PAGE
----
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Old 24th Jan 2019, 6:41 pm   #1
David Simpson
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Default Homebrew Battery Eliminator

I mentioned a few days ago in my "Old Tag Boards" thread - that I needed to repair a useful old one for a Batt. El. project. Well its now fitted fine - just the ticket.
Got plenty of PSU's & voltages for connecting up my two 1920's TRF's, but what a lot of fannying about with banana plug leads & crock-clip leads, etc. Voltages needed :- 2 or 4V for Filaments, a range of -ve Vg's up to 7.2V, & 4 HT's - - 60, 90, 120 & 150V. I've an excellent two channel modern digital LV DC PSU for heater/filament voltages(PSM 3/2A), but the rest I wanted to place inside a handy sized sloping spare cabinet. So - 60V from a rechargeable battery pack(made up with PP3's), a -7.2V GB rechargeable pack made up with AA's, and the other three HT's made up from three mains T/F's - - FWR's, Chokes & Electrolytics. Now done, next stage is to cut out a cardboard template for the front top panel - meter, switches, fuses, indicator lights, etc. Bit of jiggery-pokery I expect to get everything to fit. (Some wits or wags might say that all ex RAF guys are good at jiggering & pokering).

Regards, David
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Old 24th Jan 2019, 6:44 pm   #2
David Simpson
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Default Re: Homebrew Battery Eliminator

More Pictures. D
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Old 24th Jan 2019, 7:40 pm   #3
merlinmaxwell
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Default Re: Homebrew Battery Eliminator

You can't beat a wholly unnecessary number of meters on a panel. Otherwise they get lost and unloved, saves a switch too. I wonder why some volts are coming from batteries and others from mains?
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Old 24th Jan 2019, 9:58 pm   #4
David Simpson
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Default Re: Homebrew Battery Eliminator

Well, 1920's TRF's don't usually draw very much valve Ia, and if an SG valve is used then Is would be negligible. Likewise Ig should be negligible. My two TRF's only require 60V Vs, and the other HT's are near enough 90,120 & 150V. So three wee mains T/F which will handle approx. 10mA Isec. & their associated chokes & capacitors take up a fair portion of space available. For all the use they'll get, the two rechargeable battery packs could soldier on for years, if regularly checked & charged.
2V Filament supply could actually come from an original working glass Exide 2V accumulator. But my digital LV PSU is jolly handy & reliable for all my heater/filament requirements.
Meters - I've plenty just now. So will monitor all the HT currents & voltages. So once the panel layout is decided, and a hinged paxolin or aluminium panel cut, drilled & polished - then I'll get round to calculating multipliers, shunts & so on. Then fit rotary yaxley type selection switches, and other ON/OFF toggle switches etc. Plus Pots to fine adjust HT voltages.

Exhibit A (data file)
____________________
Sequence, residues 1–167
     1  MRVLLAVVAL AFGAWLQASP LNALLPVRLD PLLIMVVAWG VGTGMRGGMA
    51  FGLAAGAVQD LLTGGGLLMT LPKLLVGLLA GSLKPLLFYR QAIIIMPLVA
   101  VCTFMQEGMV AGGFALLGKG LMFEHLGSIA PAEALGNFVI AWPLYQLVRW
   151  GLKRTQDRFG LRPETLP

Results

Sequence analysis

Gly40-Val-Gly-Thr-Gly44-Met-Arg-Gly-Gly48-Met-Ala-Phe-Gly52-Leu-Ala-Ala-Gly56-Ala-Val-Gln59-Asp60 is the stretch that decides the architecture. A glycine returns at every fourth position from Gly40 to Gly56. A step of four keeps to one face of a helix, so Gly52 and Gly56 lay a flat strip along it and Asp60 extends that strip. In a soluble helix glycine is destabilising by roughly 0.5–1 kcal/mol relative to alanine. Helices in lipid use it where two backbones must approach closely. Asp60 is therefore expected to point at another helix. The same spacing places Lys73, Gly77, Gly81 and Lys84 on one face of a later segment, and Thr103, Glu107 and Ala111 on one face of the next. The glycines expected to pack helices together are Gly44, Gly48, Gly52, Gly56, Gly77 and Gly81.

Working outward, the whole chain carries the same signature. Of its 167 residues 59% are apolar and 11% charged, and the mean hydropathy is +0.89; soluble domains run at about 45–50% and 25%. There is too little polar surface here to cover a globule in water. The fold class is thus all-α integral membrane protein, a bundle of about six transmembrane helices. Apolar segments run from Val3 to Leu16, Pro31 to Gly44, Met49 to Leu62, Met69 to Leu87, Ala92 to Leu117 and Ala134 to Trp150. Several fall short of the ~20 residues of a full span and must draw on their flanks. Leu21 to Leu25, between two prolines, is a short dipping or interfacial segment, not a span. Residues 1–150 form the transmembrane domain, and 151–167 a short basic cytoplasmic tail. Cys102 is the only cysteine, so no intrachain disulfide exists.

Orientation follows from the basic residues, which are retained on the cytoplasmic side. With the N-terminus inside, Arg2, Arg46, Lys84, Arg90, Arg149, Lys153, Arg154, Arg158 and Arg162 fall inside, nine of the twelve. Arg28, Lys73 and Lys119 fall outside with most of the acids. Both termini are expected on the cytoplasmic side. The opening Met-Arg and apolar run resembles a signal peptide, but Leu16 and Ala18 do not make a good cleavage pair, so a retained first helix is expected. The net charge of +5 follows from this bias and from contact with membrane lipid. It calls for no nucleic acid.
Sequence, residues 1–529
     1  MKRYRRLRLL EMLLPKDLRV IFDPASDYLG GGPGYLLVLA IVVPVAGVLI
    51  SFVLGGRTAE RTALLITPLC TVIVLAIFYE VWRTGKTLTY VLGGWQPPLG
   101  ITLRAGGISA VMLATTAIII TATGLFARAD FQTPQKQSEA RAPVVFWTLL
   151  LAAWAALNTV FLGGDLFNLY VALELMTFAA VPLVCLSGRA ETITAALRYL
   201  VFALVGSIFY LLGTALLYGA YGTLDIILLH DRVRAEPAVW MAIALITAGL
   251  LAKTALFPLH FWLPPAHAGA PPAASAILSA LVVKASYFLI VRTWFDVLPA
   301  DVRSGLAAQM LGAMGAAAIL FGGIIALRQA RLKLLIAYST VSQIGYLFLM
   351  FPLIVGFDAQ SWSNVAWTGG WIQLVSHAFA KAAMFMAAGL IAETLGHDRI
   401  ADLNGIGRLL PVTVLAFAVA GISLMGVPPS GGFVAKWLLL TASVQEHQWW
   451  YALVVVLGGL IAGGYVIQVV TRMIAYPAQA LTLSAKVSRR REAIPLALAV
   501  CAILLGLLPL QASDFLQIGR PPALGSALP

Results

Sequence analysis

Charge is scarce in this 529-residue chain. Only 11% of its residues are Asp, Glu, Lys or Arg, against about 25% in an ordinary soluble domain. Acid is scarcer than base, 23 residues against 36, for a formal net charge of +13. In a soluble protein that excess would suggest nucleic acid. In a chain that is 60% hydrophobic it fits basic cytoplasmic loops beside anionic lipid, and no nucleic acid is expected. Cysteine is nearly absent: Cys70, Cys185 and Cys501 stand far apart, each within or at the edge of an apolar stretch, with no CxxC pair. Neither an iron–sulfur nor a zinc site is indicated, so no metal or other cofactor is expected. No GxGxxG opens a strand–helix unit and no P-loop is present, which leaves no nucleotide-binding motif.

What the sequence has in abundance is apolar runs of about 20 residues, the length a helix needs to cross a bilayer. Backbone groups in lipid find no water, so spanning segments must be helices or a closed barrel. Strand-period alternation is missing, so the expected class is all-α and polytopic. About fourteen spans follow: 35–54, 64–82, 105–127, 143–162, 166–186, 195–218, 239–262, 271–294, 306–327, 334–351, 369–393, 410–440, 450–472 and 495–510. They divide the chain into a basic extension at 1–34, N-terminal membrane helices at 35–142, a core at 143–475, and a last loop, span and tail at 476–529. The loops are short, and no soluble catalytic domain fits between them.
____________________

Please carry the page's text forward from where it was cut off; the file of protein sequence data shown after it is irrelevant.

Isn't electronicing fun ?

Regards, David

PS.Have you seen the cost of those modern digital Battery Eliminators from the States - a couple of hundred quid at least. My costs for all the above - NOWT ! Plus hours & hours of work in my wee office/workshop on frosty January & February days - I'll just have to force myself.
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Old 25th Jan 2019, 8:22 am   #5
Kevin Hoyland
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Default Re: Homebrew Battery Eliminator

David.
Outstanding work , You need to move down to South Yorkshire so we both could work on all these Projects in the same workshop Kevin. Ps will phone you later.
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Old 25th Jan 2019, 12:05 pm   #6
David Simpson
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Default Re: Homebrew Battery Eliminator

Thanks for the kind words, Kevin. Folks - some might say - where does that guy get his drive & energy to fanny about building fanciful homebrew projects ? The answer is in the pictures, (& other pictures in the past), - - you'll often see in the background - empty Ferrero Rocher clear plastic boxes. Of course, I'm forced to eat all the contents so that the boxes can be used to hold all sorts of bits & bobs which I need for these projects.

Regards, David
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Old 13th Feb 2019, 6:27 pm   #7
David Simpson
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Default Re: Homebrew Battery Eliminator

Well, that's it finished. Lot of fannying about to get everything fitted inside, and had to raise the top panel height slightly with some wee hardwood lengths so that there was sufficient clearance between the meters & switches, and the chokes & capacitors beneath.
60, 90, 120 & 150V HT's(HT's 1, 2, 3 & 4) can be monitored current & voltage wise. And, HT's 2,3 & 4 can be adjusted by their 3 variable resistors, according to loading. Filament & Vg voltages can also be monitored. The 60V & Vg rechargeable battery packs can charged externally, if needed. But their functions within TRF's(Screen Volts & Grid Bias) should draw very little current, if any. All voltages fused. Just the Filament supply(2 or 4V) is sourced from an external modern digital LV PSU.